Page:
Serious violations of human rights and access to healthcare for new arrivals of asylum seekers on Lesvos island in 2021
During 2021, Greek and foreign human rights organisations witnessed severe violations of asylum seekers’ rights in the field of healthcare, even though civil society has repeatedly urged EU and Greek authorities to ensure a dignified and appropriate response for the prevention and control of the COVID-19 outbreak, including the cooperation with the foreigner communities on the Greek islands. There have also been recordings of a systemic detention of new arrivals under the pretext of preventative quarantine at the ‘Megala Therma’ site on the North Coast of Lesvos.
Since 2020 “Doctors without Borders (Medecins sans Frontiers -MSF), who provide medical and humanitarian assistance on Lesvos since 2015 and nowadays a patient-centred medical and psychosocial care for survivors of torture, violence and ill treatment, integrated mental health services for children and adults and sexual and reproductive health activities for women, conducted a rapid assessment of the Megala Therma site and identified multiple inadequacies in terms of shelter, water, hygiene and sanitation. This includes the complete lack of infection control and prevention measures that render the site inappropriate for quarantine and protection of the health of the population. Since January 2021, more than 400 men, women and children have been exposed to risk and forced to stay in degrading conditions. The area is divided in 12 separate cohorts with 3-6 family tents per cohort. Depending on the number of arrivals, the site cohorts can reach severe overcrowding that does not allow for preventative measures and physical distancing and fails to meet basic infection control and prevention (IPC).
All new arrivals confined at the ‘quarantine’ site of ‘Megala Therma’ are subject to rapid antigen testing one, two or maybe more days after arrival by the National Public Health Organization (EODY). Once rapid antigen testing indicates a positive case, the person is confined with the people from the same boat, even if they have been tested negative for COVID-19. Although ECDC has clearly indicated that probable or confirmed COVID-19 cases, not requiring hospitalization, should be isolated or separated from others, in the premises this recommendation has been systematically violated at ‘Megala Therma’ site.
The application of mass quarantine increases the risk of further transmission within the quarantined community, while there is no evidence that mass quarantine protects the general population more aside from conventional preventative measures. Nobody among newly arrived has access to healthcare upon arrival. Subsequently, persons with COVID-19-like symptoms are not promptly identified, isolated and monitored, while persons with underlying conditions are not protected. Positive and negative cases are confined in the same cohort in tents that often exceed the recommended 4 people per tent, sharing the same water and sanitation facilities. Although rapid antigen tests can indicate possible transmission within the community and allows for swift mass surveillance for COVID-19, it is not as accurate as the RT-PCR.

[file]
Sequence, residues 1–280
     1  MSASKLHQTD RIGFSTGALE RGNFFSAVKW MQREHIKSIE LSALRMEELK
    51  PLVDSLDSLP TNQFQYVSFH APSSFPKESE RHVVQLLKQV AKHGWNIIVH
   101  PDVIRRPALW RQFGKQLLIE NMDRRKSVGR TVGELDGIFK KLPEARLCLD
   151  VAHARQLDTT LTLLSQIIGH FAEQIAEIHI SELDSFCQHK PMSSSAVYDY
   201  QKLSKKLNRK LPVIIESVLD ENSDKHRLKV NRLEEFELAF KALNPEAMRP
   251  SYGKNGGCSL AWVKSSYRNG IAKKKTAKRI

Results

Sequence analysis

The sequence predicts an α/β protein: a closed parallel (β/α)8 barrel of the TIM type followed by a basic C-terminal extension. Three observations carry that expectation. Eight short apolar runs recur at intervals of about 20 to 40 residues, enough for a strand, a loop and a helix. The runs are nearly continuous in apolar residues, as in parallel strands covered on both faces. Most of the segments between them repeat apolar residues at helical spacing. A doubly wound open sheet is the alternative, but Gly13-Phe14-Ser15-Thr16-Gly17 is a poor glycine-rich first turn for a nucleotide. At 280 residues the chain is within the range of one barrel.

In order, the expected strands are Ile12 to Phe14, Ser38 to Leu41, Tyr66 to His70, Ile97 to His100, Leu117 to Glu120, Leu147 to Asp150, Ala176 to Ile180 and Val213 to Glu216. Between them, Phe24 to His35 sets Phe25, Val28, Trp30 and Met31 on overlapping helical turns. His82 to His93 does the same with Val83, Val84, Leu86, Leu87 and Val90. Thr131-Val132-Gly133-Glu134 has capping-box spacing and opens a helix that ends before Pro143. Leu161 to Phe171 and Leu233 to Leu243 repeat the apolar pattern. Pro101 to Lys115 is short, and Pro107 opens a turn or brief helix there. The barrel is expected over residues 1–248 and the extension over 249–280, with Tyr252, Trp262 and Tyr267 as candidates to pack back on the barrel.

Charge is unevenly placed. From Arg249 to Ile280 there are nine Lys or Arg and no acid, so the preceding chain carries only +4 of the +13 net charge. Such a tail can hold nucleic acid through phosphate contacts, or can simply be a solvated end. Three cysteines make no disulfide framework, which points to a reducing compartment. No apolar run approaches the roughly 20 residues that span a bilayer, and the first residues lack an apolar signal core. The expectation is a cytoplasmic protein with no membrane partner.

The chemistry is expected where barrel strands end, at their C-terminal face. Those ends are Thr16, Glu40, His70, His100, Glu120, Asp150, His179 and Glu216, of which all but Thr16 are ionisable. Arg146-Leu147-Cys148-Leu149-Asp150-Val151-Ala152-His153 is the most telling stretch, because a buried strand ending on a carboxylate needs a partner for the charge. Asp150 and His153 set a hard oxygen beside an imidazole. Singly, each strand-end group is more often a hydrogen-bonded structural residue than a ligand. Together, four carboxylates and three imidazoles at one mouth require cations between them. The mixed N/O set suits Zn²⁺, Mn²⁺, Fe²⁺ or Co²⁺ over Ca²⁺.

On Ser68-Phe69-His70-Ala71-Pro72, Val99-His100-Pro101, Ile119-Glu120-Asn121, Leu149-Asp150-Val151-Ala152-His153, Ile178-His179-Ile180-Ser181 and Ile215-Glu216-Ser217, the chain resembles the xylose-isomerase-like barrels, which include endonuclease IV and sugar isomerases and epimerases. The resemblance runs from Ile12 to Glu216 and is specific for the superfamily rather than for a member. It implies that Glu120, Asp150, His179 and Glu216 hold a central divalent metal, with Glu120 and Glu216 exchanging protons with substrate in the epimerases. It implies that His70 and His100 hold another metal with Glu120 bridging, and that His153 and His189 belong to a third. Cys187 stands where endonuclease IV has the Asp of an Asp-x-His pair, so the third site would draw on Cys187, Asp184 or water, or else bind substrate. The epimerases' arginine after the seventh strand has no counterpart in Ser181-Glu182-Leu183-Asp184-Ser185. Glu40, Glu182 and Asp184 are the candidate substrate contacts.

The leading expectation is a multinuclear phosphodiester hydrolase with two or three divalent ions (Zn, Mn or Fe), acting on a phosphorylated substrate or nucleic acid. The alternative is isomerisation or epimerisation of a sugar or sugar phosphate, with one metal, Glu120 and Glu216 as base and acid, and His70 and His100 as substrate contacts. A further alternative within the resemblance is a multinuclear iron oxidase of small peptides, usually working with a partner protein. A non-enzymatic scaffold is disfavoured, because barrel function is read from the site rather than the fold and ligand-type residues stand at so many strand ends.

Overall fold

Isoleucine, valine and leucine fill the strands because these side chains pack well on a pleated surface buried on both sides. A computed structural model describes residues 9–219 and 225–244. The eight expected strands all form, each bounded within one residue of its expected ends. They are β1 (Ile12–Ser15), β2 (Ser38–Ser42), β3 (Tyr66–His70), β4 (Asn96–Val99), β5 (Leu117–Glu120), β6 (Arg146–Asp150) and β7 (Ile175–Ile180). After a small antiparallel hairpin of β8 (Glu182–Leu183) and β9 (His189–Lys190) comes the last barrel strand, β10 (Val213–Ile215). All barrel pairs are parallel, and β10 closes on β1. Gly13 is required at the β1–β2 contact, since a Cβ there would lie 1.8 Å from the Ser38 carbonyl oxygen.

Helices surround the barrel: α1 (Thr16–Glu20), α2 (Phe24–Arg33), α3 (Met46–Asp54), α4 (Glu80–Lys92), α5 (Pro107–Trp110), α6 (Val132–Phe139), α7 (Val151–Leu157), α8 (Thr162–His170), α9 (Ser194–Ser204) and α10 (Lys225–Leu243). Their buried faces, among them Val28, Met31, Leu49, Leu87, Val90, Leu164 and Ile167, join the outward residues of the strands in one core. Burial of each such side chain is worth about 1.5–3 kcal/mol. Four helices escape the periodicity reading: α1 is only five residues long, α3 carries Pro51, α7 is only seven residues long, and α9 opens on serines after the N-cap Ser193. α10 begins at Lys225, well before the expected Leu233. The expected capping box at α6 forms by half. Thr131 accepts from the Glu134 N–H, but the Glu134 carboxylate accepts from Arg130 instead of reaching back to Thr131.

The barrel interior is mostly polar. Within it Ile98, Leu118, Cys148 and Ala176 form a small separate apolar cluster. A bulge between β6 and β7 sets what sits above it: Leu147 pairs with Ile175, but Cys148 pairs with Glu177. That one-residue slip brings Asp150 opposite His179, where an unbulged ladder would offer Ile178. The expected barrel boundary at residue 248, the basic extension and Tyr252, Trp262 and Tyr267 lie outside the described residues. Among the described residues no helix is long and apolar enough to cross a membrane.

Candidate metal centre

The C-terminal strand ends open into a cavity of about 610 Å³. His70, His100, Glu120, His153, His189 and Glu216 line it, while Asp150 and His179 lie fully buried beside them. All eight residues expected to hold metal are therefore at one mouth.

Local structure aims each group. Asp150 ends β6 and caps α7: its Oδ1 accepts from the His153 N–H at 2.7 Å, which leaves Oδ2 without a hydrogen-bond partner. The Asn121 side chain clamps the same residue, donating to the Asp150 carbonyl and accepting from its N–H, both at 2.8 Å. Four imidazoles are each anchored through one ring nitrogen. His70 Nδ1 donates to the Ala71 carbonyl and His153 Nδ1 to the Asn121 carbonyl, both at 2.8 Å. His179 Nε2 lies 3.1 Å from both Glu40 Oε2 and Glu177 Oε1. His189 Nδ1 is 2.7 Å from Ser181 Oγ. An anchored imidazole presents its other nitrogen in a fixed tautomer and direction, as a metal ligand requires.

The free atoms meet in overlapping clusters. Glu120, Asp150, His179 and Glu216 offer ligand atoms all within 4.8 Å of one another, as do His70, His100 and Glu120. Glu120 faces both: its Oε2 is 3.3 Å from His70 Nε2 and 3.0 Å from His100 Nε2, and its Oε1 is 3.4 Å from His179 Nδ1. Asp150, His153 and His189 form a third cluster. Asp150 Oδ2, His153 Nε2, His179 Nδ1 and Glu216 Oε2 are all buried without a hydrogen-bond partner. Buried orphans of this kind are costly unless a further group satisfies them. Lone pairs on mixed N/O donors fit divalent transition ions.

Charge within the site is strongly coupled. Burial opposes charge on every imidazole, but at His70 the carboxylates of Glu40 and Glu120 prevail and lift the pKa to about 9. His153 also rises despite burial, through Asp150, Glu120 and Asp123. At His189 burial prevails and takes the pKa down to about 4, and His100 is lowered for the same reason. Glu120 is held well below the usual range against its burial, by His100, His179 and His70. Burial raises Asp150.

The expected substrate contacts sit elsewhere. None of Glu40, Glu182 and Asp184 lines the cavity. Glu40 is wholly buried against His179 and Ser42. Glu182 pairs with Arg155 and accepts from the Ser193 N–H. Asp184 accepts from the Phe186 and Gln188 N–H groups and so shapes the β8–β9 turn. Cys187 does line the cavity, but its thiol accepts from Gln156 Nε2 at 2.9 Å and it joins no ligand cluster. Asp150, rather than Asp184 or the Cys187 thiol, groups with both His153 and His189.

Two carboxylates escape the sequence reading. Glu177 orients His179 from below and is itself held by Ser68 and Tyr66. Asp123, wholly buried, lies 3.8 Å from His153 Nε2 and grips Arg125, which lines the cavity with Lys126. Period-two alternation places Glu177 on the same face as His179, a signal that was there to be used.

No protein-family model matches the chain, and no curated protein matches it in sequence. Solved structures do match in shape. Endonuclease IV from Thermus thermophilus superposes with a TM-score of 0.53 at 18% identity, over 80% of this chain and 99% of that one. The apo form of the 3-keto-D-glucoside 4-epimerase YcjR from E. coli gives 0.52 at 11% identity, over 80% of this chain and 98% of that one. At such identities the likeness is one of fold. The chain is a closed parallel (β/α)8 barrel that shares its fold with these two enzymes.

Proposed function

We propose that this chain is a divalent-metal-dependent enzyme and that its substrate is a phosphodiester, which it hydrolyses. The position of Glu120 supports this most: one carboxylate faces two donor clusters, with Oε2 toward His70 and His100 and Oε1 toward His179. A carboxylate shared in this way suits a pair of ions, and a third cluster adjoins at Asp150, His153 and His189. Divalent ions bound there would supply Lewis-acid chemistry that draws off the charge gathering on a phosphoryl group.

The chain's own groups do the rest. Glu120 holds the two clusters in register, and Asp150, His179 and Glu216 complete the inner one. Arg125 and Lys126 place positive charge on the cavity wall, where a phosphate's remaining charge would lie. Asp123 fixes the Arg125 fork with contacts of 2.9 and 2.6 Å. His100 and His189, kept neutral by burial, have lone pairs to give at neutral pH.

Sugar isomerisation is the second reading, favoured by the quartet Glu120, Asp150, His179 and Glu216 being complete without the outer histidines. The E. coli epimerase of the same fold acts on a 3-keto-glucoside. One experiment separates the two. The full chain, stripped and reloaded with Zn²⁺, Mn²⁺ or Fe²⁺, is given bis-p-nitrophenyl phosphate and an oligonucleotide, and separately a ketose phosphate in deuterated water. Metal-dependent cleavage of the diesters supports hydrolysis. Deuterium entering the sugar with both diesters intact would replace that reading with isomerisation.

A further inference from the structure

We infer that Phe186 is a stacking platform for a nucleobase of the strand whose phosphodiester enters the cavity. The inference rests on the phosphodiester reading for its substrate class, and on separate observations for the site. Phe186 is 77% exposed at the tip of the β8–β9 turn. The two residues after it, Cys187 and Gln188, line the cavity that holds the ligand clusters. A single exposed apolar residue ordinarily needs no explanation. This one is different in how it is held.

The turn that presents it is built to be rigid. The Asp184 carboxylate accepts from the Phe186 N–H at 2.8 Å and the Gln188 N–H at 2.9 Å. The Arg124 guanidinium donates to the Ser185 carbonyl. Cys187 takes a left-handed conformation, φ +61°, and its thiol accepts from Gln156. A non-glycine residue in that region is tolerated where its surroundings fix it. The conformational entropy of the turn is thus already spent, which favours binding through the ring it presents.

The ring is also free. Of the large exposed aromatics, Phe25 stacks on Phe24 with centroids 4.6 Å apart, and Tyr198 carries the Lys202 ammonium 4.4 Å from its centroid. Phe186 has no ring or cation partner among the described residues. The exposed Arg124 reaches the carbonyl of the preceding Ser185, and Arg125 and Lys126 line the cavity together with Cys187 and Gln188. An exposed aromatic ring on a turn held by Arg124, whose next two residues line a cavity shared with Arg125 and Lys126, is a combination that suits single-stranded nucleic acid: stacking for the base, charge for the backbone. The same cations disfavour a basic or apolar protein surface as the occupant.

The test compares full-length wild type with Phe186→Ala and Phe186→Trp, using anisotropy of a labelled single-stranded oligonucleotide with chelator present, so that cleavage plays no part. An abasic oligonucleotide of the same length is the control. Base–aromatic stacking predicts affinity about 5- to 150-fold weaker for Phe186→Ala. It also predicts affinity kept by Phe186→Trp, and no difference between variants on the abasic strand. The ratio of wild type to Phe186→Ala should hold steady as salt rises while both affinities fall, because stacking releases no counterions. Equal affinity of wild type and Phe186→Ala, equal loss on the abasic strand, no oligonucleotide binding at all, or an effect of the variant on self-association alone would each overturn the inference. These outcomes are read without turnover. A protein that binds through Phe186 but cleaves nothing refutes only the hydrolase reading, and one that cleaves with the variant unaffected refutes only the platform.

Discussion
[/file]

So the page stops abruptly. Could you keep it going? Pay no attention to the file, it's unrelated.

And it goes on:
The European Center for Disease Control (ECDC) has recommended that either repeated antigen tests are conducted, provided that viral loads fall into the sensitivity range of the tests, or testing by RT-PCR7 should be conducted. Current practice at the quarantine site of Megala Therma suggests that rapid antigen testing is merely conducted for surveillance purposes rather than ensuring an adequate outbreak control on site. There is no permanent presence of the public health authority, EODY or other health actors in the camp. The site is located in a remote location, approx. 50 km away from the secondary health care facility in Mytilene. In case of emergency, it is left to the police to call the ambulance, thus increasing the risk of either underestimating the risk or overestimating the need for emergency care. There is no provision of psychosocial support on site despite the high prevalence of mental health conditions related to trauma in migration settings. New arrivals often see a doctor only when MSF visits the site which can be a week later depending on the date of arrival.
Two UNHCR field officers and one member of staff from the Reception and Identification Service are permanently present during morning hours. Three meals and potable water are provided and distributed once per day by the UNHCR field officer. Severe deprivations exist with regards to access to other essential services such as provision of non-food items and especially clothes.
MSF have witnessed hundreds of men, women and children including pregnant women, unaccompanied minors, torture survivors, victims of severe violence including pushbacks and persons with serious medical or mental health conditions, being detained without access to the registration of their asylum claims. According to MSF, despite a brief information session upon arrival conducted with the use of translators from within the community, none of the people confined on site, have any access to information related to their rights as asylum seekers. Finally, none of the residents of the site has access to legal assistance or information of their right to legal aid.